The tool rest design will allow you to do very successful plunge cutting, with a high degree of accuracy.

Tungsten tips; have you got any contacts in the engineering machining game. Cos they throw away dozens every month. They are there for the pick up free. Just silver solder em on and away you go.

thefixer
15th Feb 2007, 10:20 PM
Truly a gem-looking rig! :D :2tsup: The support post for the sliding part... is that the round vertical post with the tool shaft stickin' thru it? :?
I don't really understand how this rig works, so I'd sure like to see it in action.
Could you give us an overall shot of it?
Speakin' of tungsten... There's a place here in the USA that sells little circle cutters and three cornered cutters of tungsten that are inexpensive. If you want, I'll get you a URL for them.
Have you ever thought of just using HSS cutters? I think they'd be easier to get, but also have to be sharpened more often.:(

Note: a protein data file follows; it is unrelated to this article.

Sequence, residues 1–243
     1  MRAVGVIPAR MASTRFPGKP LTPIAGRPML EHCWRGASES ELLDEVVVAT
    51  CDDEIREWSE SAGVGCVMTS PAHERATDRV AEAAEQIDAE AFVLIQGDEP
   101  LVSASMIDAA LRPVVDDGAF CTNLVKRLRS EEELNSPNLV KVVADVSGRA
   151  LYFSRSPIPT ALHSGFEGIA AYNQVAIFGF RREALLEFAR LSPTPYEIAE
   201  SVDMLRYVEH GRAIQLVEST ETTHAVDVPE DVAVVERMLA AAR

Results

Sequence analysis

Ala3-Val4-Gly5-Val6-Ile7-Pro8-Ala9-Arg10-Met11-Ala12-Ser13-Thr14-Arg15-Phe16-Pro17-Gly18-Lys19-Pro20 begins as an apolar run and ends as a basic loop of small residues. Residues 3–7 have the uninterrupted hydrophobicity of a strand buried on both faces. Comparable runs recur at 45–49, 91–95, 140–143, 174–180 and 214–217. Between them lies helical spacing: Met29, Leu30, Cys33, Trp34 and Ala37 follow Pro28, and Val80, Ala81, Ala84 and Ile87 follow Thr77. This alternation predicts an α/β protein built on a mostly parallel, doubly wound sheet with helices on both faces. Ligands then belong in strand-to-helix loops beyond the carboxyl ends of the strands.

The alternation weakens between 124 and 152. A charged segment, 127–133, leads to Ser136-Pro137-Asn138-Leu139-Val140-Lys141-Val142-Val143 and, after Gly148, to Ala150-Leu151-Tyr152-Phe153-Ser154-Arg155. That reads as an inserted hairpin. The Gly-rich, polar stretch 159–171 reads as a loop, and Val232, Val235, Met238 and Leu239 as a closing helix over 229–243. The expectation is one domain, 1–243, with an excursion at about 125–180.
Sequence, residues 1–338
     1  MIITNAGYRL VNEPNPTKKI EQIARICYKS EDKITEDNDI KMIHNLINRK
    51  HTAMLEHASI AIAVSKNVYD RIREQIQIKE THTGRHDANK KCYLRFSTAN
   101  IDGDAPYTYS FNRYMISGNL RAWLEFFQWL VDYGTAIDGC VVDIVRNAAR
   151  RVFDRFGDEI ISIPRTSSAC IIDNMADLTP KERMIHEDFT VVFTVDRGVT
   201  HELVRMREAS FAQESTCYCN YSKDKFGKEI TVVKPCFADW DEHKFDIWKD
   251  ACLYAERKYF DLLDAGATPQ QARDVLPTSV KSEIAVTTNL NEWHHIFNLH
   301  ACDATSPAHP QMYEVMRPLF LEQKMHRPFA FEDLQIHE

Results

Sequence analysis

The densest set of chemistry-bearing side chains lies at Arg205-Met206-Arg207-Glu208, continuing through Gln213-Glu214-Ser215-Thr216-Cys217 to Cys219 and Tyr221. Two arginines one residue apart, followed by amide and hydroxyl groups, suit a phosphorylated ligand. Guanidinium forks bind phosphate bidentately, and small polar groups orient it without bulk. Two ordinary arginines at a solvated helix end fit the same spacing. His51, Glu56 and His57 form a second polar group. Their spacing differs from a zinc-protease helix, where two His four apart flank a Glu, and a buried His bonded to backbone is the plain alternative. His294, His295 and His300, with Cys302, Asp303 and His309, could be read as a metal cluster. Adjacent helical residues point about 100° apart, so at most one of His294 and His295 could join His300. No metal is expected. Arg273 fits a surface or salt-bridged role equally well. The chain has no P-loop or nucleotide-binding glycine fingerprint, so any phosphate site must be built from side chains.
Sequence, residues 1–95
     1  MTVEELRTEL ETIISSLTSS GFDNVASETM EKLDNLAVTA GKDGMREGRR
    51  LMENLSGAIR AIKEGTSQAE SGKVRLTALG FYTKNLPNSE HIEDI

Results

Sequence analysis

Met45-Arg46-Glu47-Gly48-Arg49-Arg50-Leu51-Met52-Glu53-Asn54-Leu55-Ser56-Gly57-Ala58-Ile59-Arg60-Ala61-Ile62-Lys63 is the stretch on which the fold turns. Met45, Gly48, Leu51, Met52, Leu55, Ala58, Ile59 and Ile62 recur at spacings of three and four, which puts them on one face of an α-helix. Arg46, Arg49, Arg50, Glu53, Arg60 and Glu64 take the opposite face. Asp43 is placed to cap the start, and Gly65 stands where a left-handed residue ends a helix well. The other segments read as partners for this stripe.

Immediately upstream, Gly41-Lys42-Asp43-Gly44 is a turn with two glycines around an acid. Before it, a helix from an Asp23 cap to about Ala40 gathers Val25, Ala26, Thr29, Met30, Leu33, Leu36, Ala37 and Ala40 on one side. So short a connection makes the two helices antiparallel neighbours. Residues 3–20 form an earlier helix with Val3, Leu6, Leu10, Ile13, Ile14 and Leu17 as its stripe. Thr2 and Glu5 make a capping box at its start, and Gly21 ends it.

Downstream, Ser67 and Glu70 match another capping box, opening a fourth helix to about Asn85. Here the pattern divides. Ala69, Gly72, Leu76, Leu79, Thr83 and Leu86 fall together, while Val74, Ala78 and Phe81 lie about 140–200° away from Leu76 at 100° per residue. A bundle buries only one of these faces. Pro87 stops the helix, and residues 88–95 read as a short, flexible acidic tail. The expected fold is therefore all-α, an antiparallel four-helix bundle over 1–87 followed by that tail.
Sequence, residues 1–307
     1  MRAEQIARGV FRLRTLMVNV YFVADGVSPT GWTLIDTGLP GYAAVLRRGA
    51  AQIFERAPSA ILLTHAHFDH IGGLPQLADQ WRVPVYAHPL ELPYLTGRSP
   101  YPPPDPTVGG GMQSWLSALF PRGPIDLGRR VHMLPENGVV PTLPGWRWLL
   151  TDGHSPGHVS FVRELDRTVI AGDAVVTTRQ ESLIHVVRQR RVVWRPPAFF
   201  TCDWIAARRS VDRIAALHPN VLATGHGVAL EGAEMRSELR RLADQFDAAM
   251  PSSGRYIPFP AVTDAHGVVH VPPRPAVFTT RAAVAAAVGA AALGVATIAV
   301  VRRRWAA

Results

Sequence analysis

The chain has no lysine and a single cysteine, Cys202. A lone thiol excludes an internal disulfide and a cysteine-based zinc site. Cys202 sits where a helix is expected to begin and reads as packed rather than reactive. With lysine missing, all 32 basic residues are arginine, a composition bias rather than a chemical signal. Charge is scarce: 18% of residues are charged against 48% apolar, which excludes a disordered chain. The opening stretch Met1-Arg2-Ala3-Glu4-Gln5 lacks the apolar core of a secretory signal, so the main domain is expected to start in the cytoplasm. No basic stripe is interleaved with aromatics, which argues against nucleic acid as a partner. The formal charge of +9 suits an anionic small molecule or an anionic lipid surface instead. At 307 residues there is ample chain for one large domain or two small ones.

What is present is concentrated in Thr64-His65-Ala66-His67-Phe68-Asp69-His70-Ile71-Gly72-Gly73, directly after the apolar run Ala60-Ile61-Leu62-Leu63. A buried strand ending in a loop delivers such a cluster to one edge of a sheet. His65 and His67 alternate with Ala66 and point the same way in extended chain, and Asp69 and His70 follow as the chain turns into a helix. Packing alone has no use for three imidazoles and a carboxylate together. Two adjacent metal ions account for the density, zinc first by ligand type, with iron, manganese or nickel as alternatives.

Thanks for posting.... interesting looking rig. :2tsup:

Thanks OGYT

As soon as I finalise the cutting tips I will post some WIP pics.

thefixer
15th Feb 2007, 10:24 PM
I've seen where that hollowing system is made (Vermec) and the quality is unquestionable which would justify the hefty price tag but I reckon you've done a ripper job of emulating it!!:2tsup: I use scrounged parts to make all my odds and ends too so I know what a buzz it is to make someone elses junk into something useful. All that matters is that it works so thats cool. Wondering though if the forward rest has enough bearing area to allow the shaft to slide easily under pressure? Looks like it might drag a bit there :shrug:
So when do we see some of the hollow forms then??????


G'day TTIT